Fish Disease Diagnosis
Fish Disease Treatments
Ponds, Aquaria & Filtration

Fish Disease & Diagnosis
Fish Disease Treatments
Koi Keeping Basics
Ponds & Filtration
Case Histories
Water Quality & Testing
Using Your Microscope
Fish Disease Movies
Even More Movies
Useful Aquatic Links
Site Map
Topic Search
Frequently Asked Questions
Koi Health Book
More Downloads
Site Sponsors - Fish medicines with usage guides - Hard goods and supplies as well as live fish to your door.

Suburban Water Gardens - Hard goods and supplies

Sho-Koi Food - Growth and immunity stimulating food

KoiZyme Anti-Ulcer - Added to your pond makes Aeromonas and Pseudomonas growth all bbut impossible

Aquadyne Bead Filtration - Among the first bead filters in the US constantly improved

We have had our large pond for about six years. We have a bio filter and a UV light. This week was the first time we ever lost a fish. We have no goldfish, only Koi. The koi spawn every year and we remove the babies. I missed three last year. This year, one of the babies showed up sick. He had a slime all over him. It looked like it was hanging off of him a little bit, there was so much. Some of the slimey coating had a beige color to it.

None of my fish has any other symptom. This is the only affected fish. I have been using Program on the fish over time.

Would Koizyme help my situation? Do I need to feed them a medicated food?

What you're describing is a fish with pretty severe immune suppression which allowed either Epistylis or Saprolegnia to infest it. Baby fish are more sensitive than other fish and I'd be highly encouraged that it was only one fish, and no other fish have symptoms.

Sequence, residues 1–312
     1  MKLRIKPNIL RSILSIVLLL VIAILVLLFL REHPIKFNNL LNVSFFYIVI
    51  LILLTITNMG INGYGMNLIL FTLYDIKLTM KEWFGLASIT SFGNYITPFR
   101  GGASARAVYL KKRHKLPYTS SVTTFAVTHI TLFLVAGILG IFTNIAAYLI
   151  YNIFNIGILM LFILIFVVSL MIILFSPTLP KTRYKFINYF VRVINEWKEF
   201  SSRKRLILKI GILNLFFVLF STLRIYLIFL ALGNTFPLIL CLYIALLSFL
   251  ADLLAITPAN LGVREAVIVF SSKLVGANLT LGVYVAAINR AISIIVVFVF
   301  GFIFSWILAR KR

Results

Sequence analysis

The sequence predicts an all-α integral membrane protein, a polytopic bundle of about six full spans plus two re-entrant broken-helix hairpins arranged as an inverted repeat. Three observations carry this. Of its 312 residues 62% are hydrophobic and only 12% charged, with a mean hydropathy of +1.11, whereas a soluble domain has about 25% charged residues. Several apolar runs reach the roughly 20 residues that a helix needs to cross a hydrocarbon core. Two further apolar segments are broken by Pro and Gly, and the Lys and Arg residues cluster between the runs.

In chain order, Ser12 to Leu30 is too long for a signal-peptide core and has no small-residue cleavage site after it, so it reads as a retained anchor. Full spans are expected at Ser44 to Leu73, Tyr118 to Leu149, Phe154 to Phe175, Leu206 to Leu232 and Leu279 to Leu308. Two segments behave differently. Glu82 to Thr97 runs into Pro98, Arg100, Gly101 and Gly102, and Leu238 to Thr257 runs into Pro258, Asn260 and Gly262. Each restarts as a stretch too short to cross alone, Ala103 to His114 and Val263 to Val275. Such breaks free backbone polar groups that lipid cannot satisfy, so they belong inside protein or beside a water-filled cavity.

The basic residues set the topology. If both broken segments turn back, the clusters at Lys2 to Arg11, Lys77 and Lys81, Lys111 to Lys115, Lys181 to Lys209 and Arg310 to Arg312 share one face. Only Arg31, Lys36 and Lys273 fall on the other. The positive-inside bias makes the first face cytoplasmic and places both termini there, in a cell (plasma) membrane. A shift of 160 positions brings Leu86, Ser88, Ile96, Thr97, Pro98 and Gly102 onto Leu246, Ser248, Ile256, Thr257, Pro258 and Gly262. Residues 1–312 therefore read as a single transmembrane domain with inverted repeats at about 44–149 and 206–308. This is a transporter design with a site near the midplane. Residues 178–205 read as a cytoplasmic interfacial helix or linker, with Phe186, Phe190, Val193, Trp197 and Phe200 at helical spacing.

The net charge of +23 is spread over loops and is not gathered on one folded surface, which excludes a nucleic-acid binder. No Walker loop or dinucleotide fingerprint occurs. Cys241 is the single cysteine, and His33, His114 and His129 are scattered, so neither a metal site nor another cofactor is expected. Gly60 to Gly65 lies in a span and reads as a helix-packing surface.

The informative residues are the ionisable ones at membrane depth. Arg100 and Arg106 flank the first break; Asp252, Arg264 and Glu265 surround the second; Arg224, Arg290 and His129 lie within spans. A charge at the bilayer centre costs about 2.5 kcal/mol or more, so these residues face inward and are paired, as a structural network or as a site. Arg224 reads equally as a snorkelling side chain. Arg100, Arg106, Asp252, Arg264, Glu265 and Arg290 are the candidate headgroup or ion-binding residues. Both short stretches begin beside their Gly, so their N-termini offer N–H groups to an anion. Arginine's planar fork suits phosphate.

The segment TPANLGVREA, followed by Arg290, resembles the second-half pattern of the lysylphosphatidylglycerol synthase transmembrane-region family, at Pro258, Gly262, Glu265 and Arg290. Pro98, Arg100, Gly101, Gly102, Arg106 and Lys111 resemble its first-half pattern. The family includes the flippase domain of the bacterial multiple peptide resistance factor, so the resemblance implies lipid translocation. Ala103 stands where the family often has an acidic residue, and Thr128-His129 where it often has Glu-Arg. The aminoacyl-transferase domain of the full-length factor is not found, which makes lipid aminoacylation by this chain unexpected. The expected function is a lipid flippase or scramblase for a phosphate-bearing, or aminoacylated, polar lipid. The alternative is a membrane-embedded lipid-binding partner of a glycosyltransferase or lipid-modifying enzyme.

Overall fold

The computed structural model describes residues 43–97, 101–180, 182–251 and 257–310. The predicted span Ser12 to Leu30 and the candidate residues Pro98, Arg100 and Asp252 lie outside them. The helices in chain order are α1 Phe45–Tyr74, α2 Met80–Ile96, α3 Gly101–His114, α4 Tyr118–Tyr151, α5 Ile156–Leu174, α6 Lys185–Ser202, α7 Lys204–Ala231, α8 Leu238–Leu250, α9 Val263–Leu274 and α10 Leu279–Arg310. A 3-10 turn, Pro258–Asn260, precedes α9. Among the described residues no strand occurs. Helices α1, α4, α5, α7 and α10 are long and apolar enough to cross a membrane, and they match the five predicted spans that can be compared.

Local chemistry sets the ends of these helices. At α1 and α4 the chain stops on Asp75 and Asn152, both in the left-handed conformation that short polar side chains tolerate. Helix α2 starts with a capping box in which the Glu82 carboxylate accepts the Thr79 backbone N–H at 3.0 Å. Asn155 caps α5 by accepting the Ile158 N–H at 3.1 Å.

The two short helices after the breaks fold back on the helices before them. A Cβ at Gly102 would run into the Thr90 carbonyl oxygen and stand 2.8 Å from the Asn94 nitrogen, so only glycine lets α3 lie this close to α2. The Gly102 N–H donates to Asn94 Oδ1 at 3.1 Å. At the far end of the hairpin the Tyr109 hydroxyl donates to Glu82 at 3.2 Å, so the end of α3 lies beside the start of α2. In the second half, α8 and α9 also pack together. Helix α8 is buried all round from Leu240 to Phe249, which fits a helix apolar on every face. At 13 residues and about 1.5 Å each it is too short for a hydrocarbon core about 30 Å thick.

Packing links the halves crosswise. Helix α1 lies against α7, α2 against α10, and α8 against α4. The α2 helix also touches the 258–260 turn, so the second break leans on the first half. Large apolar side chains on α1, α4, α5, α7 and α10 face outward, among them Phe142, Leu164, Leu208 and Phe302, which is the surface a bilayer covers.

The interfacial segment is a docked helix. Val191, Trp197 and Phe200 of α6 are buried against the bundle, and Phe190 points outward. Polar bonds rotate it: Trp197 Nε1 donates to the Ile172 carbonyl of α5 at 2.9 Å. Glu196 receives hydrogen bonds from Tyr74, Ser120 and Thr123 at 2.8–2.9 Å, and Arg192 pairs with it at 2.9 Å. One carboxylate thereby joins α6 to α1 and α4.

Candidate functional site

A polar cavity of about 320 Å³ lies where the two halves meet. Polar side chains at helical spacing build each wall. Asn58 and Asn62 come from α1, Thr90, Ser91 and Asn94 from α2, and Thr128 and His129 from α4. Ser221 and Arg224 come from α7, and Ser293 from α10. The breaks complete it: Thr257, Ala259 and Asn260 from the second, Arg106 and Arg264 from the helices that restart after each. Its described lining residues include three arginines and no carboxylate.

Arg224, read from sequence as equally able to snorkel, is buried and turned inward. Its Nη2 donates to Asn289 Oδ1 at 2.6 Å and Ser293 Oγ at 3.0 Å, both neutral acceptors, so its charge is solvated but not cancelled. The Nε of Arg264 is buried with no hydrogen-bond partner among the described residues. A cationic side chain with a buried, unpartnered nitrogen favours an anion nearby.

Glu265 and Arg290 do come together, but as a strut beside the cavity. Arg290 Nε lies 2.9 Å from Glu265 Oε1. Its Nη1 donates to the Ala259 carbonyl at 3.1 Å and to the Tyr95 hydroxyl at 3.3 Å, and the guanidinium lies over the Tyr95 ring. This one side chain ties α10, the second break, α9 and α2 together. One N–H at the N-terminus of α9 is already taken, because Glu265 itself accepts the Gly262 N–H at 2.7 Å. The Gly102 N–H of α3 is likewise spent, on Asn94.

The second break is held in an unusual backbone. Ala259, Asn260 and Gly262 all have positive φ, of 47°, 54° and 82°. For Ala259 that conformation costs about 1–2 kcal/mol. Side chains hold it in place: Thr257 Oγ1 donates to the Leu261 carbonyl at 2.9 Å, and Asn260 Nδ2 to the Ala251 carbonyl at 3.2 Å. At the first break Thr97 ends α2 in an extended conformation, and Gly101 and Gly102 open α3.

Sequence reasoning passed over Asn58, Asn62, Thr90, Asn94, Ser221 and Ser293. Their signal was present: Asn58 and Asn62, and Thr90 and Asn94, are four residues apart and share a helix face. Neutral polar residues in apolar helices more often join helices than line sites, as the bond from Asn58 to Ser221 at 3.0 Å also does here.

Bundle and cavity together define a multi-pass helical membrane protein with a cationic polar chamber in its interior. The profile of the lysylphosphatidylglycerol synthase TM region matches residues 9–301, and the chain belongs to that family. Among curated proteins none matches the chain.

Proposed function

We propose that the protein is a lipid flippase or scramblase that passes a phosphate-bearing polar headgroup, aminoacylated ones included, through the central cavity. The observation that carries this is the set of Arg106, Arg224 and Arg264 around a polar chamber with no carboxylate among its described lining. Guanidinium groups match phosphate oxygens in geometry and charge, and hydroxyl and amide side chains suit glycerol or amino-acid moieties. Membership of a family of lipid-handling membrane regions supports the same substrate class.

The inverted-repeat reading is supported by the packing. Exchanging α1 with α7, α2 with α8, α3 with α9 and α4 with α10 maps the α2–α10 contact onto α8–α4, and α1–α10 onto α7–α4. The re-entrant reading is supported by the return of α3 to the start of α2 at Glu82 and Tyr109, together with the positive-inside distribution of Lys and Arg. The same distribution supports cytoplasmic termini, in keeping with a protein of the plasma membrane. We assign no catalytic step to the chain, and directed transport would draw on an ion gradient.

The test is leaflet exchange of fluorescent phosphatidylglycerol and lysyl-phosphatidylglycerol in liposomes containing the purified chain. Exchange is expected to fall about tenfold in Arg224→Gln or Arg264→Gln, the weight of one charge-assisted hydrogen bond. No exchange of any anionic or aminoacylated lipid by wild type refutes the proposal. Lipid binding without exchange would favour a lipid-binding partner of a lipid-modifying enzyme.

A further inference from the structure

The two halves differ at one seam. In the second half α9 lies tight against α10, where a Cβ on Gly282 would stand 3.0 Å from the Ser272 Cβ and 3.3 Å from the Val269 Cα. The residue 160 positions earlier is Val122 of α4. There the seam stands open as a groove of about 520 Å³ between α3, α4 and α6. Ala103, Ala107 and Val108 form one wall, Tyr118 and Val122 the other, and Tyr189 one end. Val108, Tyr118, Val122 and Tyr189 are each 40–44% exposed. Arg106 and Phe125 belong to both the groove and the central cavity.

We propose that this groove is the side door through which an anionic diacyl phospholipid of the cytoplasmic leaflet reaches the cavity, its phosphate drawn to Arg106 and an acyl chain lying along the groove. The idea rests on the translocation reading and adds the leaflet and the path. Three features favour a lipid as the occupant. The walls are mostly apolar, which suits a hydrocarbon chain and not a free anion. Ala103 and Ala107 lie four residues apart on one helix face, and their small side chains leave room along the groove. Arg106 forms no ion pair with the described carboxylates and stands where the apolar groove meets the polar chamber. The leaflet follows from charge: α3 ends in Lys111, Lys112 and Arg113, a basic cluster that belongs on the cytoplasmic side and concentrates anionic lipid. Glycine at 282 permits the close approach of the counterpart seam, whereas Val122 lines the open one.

So, what to do for the other fish.

Water testing. (Ammonia, nitrite, nitrate, pH and carbonate alkalinity.)

The most important tests among the above, are all of them. Ha! What you're trying to do is determine if there is a stressor in terms of water chemistry in their home.

We KNOW that this last winter's cold was a factor, a "given" if you will.

Koizyme is not a bad idea at all. Do it AFTER a major water change with dechlorinator.

Low level salting would also be a good, safe step.

Finally, breaking the winter's fast with medicated food wouldn't be a bad idea.

See, this case is interesting because you only had ONE fish affected. So it's not a good idea to barrage the fish with a million caustic medications when only one fish had a symptom and everybody else seems fine.

So you have the water testing to do in order to determine what pushed the one little fish into illness.

Then everything else you do should be SAFE, STRESSLESS, and PROPHYLACTIC.

*This message may contain specific, undefined and probably unfamiliar terms. Email consultation is best for developing "direction" and presenting concepts. Fish health related words which are foreign to you, or which need greater detail or explanation, can be typed in and "SEARCHED" at and

(Look it up!)



Fish disease problems? Need some help? The help pages take you through the basics of the 'fish health work-up' diagnosis method and basic fish disease treatment methods.

90% of all health problems and fish deaths are caused by poor fish keeping! The key pages are essential reading for all beginners and intermediates who are serious about disease prevention.

Expanded Content by Dr. Erik Johnson, and Used with Permission; Frank Prince-Iles ©2009 All Rights Reserved